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City Council OKs Land Transfer For Long-Promised Park Over I-95 To Penn's Landing

Two Philadelphia City Council bills passed Thursday could represent the final administrative pieces needed to allow construction of the long-delayed park reconnecting Old City to the Delaware River waterfront.

A rendering of the park set to connect Old City to Penn's Landing by capping Interstate 95 between Walnut and Chestnut streets, updated in April 2022.

One of the bills creates a zoning designation for the cap over Interstate 95 and Christopher Columbus Boulevard on which the park will be built. The other conveys control of the city-owned land for the park to Delaware River Waterfront Corp., which will manage the park's construction, future maintenance and programming.

The latter bill also gives control over the stretch of road that will be covered to the Pennsylvania Department of Transportation for the construction of the cap itself.

The capping of I-95 with a park first became a concrete plan in 2017 when Mayor Jim Kenney pledged $90M from the city toward the $225M budget. But a combination of administrative holdups and the pandemic delayed the start for years, DRWC President Joseph Forkin told Bisnow.

In April, DRWC released updated renderings based on a public input process and set a start date for late this year. That gave Councilmember Mark Squilla, whose 1st District encompasses the project area, the signal to start the legislative process for granting the needed entitlements, he told Bisnow in a Friday interview. Construction on the cap is now estimated to begin in the first quarter of next year.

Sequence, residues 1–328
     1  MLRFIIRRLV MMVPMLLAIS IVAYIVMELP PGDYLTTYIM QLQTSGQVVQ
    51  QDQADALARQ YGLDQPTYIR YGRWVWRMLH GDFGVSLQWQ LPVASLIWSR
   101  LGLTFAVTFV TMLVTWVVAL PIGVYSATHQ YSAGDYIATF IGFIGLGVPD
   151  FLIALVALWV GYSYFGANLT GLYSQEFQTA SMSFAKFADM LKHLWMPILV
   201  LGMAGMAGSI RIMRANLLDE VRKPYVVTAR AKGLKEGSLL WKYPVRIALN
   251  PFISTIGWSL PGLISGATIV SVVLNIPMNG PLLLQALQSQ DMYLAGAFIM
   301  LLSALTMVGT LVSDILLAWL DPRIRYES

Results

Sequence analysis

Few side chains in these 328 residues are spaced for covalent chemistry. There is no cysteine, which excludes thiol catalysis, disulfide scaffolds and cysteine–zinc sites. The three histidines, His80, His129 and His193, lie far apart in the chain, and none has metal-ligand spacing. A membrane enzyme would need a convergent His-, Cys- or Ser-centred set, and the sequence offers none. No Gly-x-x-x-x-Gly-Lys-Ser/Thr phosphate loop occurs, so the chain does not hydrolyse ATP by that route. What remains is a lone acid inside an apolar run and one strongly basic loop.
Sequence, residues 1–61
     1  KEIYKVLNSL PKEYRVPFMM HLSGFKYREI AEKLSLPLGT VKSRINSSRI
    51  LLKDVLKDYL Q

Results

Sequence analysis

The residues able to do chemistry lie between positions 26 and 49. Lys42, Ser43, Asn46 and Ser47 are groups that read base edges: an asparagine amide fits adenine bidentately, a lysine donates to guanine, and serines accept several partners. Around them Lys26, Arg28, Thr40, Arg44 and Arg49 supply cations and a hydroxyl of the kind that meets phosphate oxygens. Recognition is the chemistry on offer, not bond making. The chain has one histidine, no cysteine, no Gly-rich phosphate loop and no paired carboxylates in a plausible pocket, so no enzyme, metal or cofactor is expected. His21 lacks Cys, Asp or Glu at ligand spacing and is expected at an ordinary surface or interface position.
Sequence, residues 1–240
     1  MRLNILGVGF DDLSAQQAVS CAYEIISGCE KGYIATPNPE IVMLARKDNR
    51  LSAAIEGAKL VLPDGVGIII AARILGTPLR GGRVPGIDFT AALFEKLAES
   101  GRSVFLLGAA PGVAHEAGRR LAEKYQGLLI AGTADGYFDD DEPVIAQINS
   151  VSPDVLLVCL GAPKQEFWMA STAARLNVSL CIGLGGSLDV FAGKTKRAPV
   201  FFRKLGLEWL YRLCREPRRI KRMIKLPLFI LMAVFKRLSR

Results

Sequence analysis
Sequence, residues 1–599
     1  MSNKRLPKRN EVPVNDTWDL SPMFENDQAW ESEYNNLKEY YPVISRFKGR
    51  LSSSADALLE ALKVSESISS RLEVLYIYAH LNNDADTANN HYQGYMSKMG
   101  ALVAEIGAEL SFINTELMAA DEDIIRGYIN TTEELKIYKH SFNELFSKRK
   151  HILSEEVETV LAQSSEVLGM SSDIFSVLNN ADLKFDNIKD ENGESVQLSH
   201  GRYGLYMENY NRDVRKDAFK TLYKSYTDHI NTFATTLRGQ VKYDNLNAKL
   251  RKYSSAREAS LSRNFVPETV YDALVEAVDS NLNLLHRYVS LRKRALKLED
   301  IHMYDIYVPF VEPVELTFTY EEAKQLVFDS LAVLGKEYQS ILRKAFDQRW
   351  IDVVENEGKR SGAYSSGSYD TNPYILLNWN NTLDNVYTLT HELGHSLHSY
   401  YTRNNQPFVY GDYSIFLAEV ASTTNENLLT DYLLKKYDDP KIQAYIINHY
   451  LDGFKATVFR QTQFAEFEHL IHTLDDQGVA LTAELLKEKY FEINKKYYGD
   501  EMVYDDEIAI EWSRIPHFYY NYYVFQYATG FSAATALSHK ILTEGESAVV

“Now the i's are dotted and the t's are crossed, and unless something else comes up, this is it," Squilla said. "When we first spoke about this five years ago, I didn’t realize the zoning piece [was needed]. So something might still come up.”

A rendering of the mass timber building planned to serve as the center of the park capping I-95 at the Delaware River waterfront.

The first phase of construction is the erecting of the support structure for the cap over the two wide roadways, which have throttled pedestrian access to the Delaware River since I-95's construction in the middle of the 20th century. The land rights bill severs the key stretch of land under I-95 from the ground lease the Interstate Land Management Corp. holds for the rest of the highway and grants it to PennDOT, both for the construction and for long-term maintenance.

With legal entitlement in hand, PennDot can launch a bidding process to select a general contractor, Forkin said. Once the cap has progressed enough for work on the park to start, DRWC will search for its own GC. Pennoni and Hargreaves Associates have already led the design and planning of the park for DRWC.

To help cement the park's connection of the city to the waterfront, the city of Philadelphia and DRWC released a request for proposals for a private developer to build a massive mixed-use development on city land north of the park.

The Durst Organization from New York was selected over the Philadelphia 76ers, which wanted to build a new arena next to the park, in September of 2020. Durst has not officially signed any contracts for control of the land, Squilla said. The company declined to answer questions, but it praised the passage of the bill in a statement provided to Bisnow.